While in Toledo in the spring of 1895, Henry A. Tobey solicited enough pledges of support to offer Dunbar money to attend college. Dunbar wrote to his mother immediately afterwards. "Dr. Tobey and his friends want to lend me 400 or 500 dollars to spend a year in Boston at Harvard. I am going to take it."
In the fall of 1895, Tobey again invited Dunbar to Toledo to read at the State Hospital. This reading was, by many accounts, a triumph. One can only imagine the scene: the crowded "amusement hall" of patients, some disturbed, some perhaps murmuring, attendants scurrying about trying to maintain decorum, invited dignitaries and guests seated separately, an atmosphere tense and heavy with pathos. A piano off to one side, played by Tobey's talented young daughter Alice. It was an evening with such emotional power for Dunbar that it prompted him to compose a poem on the spot. He is reported to have remembered the evening this way:
"…while in Toledo, Ohio, I consented to recite at an entertainment given for the Insane. Before the recital, I requested the organist to play for me cardinal Necoman's favorite hymn, "Lead Kindly Light." The music and words, rushed through my brain in so maddening a way, blinding me to all outside influences, surging through my very heart and soul, until I could stand it no longer. I rushed off to my room, jotted down the very words of this poem, "Lead gently". When I returned to the recital to take the place assigned me on the program, I brought with me my newly fledged poem and read it before the audience." (Nov. 25, 1897)
After this momentous evening, in conversation with his Toledo hosts, Tobey and Thatcher, Dunbar expressed his wish to publish a second book on his own ashe did his first. Tobey and Thatcher immediately offered to underwrite the publication on terms that were far more favorable than what the Dayton printer had given Dunbar for Oak and Ivy. With Tobey and Thatcher's help, Dunbar's new book, to be titled Majors and Minors, was contracted with Hadley & Hadley Printing Co. Hadley and Hadley was not the largest printer in Toledo; they operated out of four floors of a building at 136 Superior St. that was located next to a feed lot. Most of its business seemed to be in catalogue and poster printing and a literary book was probably a first for the firm. Perhaps it was chosen because its owners were known as "enterprising and progressive business men" and the company a "progressive one." Though everyone struggled to get out the 1,000 copies before Christmas in 1895, the book appeared a few months later.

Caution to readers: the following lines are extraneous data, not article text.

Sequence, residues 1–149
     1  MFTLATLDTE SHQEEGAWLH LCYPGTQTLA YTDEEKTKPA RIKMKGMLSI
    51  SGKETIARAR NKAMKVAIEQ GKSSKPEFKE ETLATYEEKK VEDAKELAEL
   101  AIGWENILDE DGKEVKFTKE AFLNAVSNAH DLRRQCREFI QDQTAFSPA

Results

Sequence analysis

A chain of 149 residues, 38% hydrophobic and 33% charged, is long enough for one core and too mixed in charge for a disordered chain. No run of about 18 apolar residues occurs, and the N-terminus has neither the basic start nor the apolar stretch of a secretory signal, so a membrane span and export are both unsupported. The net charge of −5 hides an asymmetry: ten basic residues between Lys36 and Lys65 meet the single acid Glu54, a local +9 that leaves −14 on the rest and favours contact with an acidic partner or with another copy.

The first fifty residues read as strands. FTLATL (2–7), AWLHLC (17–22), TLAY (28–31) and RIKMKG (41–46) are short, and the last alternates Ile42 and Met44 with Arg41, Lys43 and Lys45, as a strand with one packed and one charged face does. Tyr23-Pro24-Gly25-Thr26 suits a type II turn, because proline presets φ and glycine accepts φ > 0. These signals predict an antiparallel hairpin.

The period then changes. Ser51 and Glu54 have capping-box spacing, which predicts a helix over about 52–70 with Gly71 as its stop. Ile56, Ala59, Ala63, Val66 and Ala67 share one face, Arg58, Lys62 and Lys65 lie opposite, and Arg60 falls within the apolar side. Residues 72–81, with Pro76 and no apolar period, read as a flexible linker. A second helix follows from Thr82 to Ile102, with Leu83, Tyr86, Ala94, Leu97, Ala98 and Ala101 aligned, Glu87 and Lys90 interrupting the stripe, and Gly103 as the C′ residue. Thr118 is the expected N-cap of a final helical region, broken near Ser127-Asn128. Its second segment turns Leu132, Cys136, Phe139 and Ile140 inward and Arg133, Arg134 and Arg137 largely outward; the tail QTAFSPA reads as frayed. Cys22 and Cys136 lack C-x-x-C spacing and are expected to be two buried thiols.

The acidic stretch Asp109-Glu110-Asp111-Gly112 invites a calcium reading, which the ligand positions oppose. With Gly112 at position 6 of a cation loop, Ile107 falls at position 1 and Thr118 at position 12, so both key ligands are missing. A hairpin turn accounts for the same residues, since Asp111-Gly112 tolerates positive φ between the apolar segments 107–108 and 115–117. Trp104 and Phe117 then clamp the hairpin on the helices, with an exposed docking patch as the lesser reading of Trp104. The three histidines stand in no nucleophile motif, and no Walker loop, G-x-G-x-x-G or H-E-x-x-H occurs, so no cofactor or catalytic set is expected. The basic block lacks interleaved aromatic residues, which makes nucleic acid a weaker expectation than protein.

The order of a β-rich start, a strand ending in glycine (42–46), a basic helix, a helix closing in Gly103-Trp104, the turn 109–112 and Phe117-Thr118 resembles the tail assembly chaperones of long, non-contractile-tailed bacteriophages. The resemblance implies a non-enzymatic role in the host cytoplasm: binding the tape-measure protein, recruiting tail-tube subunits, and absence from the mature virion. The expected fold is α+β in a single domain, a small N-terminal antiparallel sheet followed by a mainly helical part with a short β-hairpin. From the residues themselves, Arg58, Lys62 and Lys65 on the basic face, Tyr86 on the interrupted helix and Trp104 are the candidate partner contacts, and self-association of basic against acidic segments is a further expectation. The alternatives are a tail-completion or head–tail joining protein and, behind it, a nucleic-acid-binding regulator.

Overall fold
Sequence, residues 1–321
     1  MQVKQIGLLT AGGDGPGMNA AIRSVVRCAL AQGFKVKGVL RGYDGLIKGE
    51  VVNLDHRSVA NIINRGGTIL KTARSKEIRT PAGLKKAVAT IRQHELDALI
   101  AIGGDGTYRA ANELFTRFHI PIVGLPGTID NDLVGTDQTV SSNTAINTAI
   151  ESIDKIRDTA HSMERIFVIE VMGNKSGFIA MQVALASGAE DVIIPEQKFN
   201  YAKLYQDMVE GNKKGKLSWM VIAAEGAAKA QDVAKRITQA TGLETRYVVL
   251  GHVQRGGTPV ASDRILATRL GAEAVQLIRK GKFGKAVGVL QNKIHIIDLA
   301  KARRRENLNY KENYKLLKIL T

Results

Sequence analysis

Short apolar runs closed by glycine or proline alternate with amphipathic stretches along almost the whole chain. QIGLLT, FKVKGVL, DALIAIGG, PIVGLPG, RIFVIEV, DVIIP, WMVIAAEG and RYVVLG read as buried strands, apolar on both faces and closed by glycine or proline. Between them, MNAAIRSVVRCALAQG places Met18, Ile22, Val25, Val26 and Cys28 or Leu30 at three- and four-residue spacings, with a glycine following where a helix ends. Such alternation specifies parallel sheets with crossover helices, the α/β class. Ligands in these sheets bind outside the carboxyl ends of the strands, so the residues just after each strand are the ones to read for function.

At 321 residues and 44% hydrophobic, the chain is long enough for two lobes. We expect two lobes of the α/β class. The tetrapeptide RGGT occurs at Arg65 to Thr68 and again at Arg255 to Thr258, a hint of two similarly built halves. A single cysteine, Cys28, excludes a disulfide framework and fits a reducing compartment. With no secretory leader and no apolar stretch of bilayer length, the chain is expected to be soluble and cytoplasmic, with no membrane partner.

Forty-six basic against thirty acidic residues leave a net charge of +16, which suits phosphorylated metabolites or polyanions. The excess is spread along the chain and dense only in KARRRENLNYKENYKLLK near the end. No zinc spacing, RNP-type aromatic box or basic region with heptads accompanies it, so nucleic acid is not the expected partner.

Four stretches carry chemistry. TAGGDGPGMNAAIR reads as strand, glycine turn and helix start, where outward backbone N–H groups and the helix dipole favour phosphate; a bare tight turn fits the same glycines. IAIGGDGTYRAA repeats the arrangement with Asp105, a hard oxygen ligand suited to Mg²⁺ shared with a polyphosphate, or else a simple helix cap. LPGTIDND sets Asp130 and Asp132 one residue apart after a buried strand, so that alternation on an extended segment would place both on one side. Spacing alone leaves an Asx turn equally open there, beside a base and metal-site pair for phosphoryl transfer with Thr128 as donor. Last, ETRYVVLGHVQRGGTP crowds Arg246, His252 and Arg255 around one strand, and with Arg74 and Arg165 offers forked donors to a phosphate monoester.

Henry Tobey, acting more like the author than the producer, was so eager to get hold of the new poems in printed form that he went to Hadley and Hadley's office, grabbed an unbound volume, and began cutting away pages with his pocket knife. After Majors and Minors was printed, Dunbar tried to sell his books in Toledo, but met with great resistance, as most whites considered him a salesman or agent. Tobey tried to shield his friend from his failure as a salesman and apparently sold copies in advance to friends with instructions to pretend to buy the copies from Dunbar.